Prince’s Rise: Fielder Becomes Feared Hitter At Young Age

By Gary D'Amato
Updated: October 8, 2007

MILWAUKEE — Prince Fielder put up such staggering offensive numbers in 2007 that the question begs to be asked: Did the Milwaukee Brewers’ first baseman have his career year at 23?

Is it possible Fielder reached his peak at an age at which most players are still climbing through the minor leagues or experiencing growing pains at the major-league level?

According to those within the organization who have closely monitored the development of the big left-hander, the answer is a resounding “No.”

“He hasn’t reached his full potential, by any means, as an offensive performer,” Brewers manager Ned Yost said. “He’s just going to be a superstar. He’s already a superstar. He’s going to be in an elite class in the major leagues.”

Said general manager Doug Melvin: “Prince has obviously put up some huge numbers at a young age, but he will find ways to improve his game. He’s not one to be satisfied with what he’s done.”

If they are right, National League pitchers have much to fear.

Fielder led the league with 50 home runs and a .618 slugging percentage and finished with 354 total bases, 109 runs scored, 119 runs batted in and a .288 average. He also drew 90 walks — 21 of them intentional — and had an impressive .395 on-base percentage.

“Maybe it’s my own prejudice, but I think he’s the best hitter in the league,” said Brewers hitting coach Jim Skaalen. “He’s got plate coverage, he can drive balls the other way, he can get to a fastball in. I think he’s the best overall hitter in the league.”

But as Fielder sat dejectedly in front of his locker Friday, after the Brewers were eliminated from the Central Division race and the post-season, he didn’t sound like a player who had put together one of the best seasons in franchise history.

“I sometimes think what I could have did extra, just little things,” he sighed. “I’m not second-guessing myself, just thinking about the game overall.”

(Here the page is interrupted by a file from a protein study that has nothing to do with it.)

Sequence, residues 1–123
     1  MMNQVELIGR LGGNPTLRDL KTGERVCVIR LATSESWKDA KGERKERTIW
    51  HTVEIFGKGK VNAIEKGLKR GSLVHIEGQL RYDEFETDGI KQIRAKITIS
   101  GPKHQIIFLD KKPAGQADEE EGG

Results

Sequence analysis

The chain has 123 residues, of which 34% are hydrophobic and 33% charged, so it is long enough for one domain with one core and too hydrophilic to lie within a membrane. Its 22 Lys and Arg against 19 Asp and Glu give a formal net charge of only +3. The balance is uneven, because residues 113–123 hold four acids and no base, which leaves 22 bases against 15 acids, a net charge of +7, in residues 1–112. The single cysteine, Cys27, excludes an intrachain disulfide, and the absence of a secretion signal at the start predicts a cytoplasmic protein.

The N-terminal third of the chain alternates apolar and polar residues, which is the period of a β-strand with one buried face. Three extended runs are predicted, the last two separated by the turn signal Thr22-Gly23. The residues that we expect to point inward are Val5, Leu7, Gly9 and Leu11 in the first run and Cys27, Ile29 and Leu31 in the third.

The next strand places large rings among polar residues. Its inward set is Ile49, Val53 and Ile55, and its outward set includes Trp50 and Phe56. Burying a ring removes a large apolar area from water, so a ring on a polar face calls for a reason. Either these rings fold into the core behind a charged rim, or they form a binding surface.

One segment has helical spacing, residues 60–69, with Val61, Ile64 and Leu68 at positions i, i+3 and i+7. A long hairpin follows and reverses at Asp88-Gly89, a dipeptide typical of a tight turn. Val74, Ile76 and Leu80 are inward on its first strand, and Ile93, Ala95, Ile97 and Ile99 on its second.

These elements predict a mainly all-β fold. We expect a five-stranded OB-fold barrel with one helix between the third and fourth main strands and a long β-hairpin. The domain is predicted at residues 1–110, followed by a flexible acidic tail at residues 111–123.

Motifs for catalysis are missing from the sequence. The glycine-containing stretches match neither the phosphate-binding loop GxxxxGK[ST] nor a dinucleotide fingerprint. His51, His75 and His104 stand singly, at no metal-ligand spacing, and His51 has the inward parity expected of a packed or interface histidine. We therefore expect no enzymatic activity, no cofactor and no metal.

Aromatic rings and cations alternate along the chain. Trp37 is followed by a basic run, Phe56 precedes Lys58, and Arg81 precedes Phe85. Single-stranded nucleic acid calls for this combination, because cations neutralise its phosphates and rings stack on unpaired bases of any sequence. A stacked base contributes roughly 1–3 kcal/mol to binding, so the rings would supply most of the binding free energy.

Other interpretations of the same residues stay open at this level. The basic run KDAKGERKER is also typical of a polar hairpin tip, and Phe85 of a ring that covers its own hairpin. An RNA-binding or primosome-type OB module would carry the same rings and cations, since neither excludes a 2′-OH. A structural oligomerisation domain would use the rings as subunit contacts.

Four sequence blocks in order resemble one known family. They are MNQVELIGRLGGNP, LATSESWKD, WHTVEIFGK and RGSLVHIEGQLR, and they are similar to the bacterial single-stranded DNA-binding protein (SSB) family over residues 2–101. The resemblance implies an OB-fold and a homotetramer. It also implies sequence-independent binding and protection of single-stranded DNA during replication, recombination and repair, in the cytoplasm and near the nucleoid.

Fielder pointed to plate discipline and his average against left-handed pitchers (.261) as areas in which he would strive to improve. Like all the young starters in the Brewers’ infield (average 2008 opening-day age: 24.25) Fielder also could stand to clean up his defense after making 14 errors.

But is it realistic to expect much more than Fielder gave the club in ’07?

“I think the only thing is to sustain the level he’s at,” Melvin said. “It’s going to be different. I’m sure teams will want to pitch around him later on, like a (Albert) Pujols or a (Barry) Bonds.

“You’d never think a guy could get better when he’s hitting 50 home runs. But, I mean, he could hit .320. Maybe his power goes down a little bit but he becomes a .320 hitter and has 130 RBI.”

Skaalen said there was modest room for improvement in Fielder’s plate discipline. But he said the first baseman made huge strides in that area this year. After a July lull (three homers, 10 RBI), Fielder smashed 20 homers and drove in 43 runs in August and September.

“Prince early in the year was a little too aggressive,” Skaalen said. “He was chasing stuff, fastballs up and breaking balls down out of the zone. And he learned through consistent approach to see the ball better and lay off those pitches. Now it’s 2-0 and the count is in your favor and that’s where your power numbers go up.”

Brewers starting pitcher Jeff Suppan, who played with Pujols in St. Louis, was asked to compare Fielder with the Cardinals’ slugger.

“Prince really carried us a lot of times offensively, which I’ve seen Albert do many times,” Suppan said. “What impresses me about Prince, being 23, is that his at-bats are so professional. He always has good at-bats. He’s trying to accomplish something every time out there, which you don’t always see in a 23-year-old.”

Fielder also developed into one of the team leaders, a role in which he undoubtedly will continue to grow. Veteran infielder Craig Counsell said Fielder had a “presence” in the locker room and that his teammates admired and respected his hard-nosed approach to the game.

“He’ll snap and he’ll cuss because there’s a lot of fire in him,” Skaalen said. “That rubs off. Everybody sees this guy running balls out when we’re up eight, down eight, it doesn’t matter. That’s how you play the game.

“If he’s doing it, then everybody else needs to be following that lead or there’s a good chance he’s going to get in your grill.”

Fielder said he was honored to be mentioned in the same sentence with sluggers such as Willie Mays and Hank Aaron, who put up big numbers early in their Hall of Fame careers. But he made it clear he wants more from the game than a bunch of tape-measure homers.

“I really wanted to be able to jump on that field,” he said quietly after the Brewers were eliminated. “The only time I got to do it was in high school. Unfortunately, in high school you can’t pop champagne. Ever since then I’ve always wanted to be able to celebrate on the pitcher’s mound.

“We weren’t able to do that this year. I’m just glad I’m still young.”